Insmed’s anti-infective Alis scored a persuasive win in its phase III trial in non-tuberculous mycobacterial lung disease, prompting the group to seek accelerated approval from the US FDA.
Shares in the New Jersey-based group more than doubled as sales forecasts of $497m in 2022 became more realistic after the announcement that the inhaled amikacin on top of usual care outperformed usual care alone. With post-approval commercial concerns on executives’ minds and a jump in valuation putting Insmed over the $1bn threshold, a fundraising seems like the next step to build up cash reserves.
Alis, for amikacin liposome inhalation suspension and formerly known as Arikayce, plus guideline-based therapy beat guideline therapy alone in converting 29% of patients from positive to negative cultures at six months for non-tuberculous mycobacterial (NTM) disease caused by mycobacterium avium complex. In patients treated with guideline therapies the conversion rate was 9% – the trial was designed to detect a difference of at least 15 percentage points at a statistically significant level.
This focus on conversion from positive to negative mycobacterium avium complex grew from a mixed phase II trial in which Alis missed on the endpoint of reduced bacterial density in the broad NTM population (Upcoming events – Late-stage data due for Amicus and Insmed, August 18, 2017). This phase III trial included another endpoint, a six-minute walk test, which as the company notes is not an endpoint used in clinical practice and in any case missed showing any significant improvement.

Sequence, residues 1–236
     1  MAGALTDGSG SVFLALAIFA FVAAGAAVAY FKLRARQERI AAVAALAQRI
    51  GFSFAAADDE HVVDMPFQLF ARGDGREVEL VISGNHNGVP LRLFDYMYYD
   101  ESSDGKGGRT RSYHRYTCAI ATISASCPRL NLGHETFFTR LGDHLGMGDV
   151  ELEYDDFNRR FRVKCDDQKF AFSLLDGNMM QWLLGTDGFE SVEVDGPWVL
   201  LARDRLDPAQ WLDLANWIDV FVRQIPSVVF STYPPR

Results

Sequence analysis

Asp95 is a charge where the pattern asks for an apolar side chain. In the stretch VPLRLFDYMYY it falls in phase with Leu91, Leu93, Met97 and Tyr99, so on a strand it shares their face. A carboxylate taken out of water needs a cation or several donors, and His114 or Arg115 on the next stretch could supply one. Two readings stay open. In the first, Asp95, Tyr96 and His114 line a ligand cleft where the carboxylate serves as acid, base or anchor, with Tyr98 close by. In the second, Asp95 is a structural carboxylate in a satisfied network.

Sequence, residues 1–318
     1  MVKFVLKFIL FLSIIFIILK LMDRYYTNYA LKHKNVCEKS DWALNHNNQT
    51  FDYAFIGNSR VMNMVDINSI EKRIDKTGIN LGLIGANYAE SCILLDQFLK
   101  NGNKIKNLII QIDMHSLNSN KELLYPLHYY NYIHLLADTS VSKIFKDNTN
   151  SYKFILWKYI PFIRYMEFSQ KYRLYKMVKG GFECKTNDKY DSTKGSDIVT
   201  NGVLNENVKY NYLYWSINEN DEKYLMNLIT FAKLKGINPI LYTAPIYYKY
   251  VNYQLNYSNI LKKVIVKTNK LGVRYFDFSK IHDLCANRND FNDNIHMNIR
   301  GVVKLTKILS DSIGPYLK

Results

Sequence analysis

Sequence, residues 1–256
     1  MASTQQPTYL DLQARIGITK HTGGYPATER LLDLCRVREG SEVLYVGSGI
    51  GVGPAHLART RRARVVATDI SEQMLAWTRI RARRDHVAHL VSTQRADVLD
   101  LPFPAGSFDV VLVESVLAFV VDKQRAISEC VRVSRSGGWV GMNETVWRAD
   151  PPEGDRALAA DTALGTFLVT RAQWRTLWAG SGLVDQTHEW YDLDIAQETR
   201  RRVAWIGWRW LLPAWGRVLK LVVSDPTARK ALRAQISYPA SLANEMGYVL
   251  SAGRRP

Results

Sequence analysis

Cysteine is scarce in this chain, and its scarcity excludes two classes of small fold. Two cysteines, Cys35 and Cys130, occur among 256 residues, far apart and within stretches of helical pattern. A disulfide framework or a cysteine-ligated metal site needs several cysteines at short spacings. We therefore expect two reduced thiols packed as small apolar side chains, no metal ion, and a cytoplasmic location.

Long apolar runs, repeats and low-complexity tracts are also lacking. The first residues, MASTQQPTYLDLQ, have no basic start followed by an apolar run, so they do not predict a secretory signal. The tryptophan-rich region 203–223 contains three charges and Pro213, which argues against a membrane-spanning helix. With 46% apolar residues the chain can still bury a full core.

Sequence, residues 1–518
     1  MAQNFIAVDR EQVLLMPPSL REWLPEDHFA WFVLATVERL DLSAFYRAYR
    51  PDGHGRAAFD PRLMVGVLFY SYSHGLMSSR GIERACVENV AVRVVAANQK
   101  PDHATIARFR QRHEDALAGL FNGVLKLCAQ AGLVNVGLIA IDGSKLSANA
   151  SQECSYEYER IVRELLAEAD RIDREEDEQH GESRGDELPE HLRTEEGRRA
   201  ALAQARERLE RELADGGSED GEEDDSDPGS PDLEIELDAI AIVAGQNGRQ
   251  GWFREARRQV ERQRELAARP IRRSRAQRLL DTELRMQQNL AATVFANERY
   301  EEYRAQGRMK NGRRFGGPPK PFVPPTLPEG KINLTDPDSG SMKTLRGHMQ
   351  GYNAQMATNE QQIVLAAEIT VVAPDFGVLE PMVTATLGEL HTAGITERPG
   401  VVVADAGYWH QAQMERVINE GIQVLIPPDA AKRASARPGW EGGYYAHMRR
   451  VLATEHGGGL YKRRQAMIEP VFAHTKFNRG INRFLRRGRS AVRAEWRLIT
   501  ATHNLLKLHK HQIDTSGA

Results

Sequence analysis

Nonetheless, patient-centred outcomes are of increasing interest to the FDA and patients who did convert from positive to negative taking Alis also demonstrated an improvement in six-minute walk test, a pre-specified analysis.
Longer than six months
In the meantime, Insmed has an ongoing open-label extension that includes patients who did not achieve culture conversion in this phase III, data from which could be included in its new drug application. Leerink analyst Joseph Schwartz wrote recently that the commercial opportunity includes patients who will need treatment for longer than six months and those who experience re-infections.
An unanswered question is whether Insmed will persuade hospitals to buy Alis rather than formulating their own inhaled amikacin from IV formulations. Mr Schwartz wrote that only five or six hospitals specialise in NTM, so it may involve convincing only a few physicians on convenience grounds.
Even if that is a small audience that can be reached with a small sales force, it would not hurt Insmed to build up its cash supply to finance its post-approval commercial phase. It had $91m cash as of June 30, but opportunities this ripe for a fundraising do not happen every day.
With breakthrough therapy and qualified infectious disease product designations from the FDA, Alis should get a positive reception from agency staff. As long as no safety signals crop up, it seems odds-on to get approval – investors’ next focus needs to be commercial execution.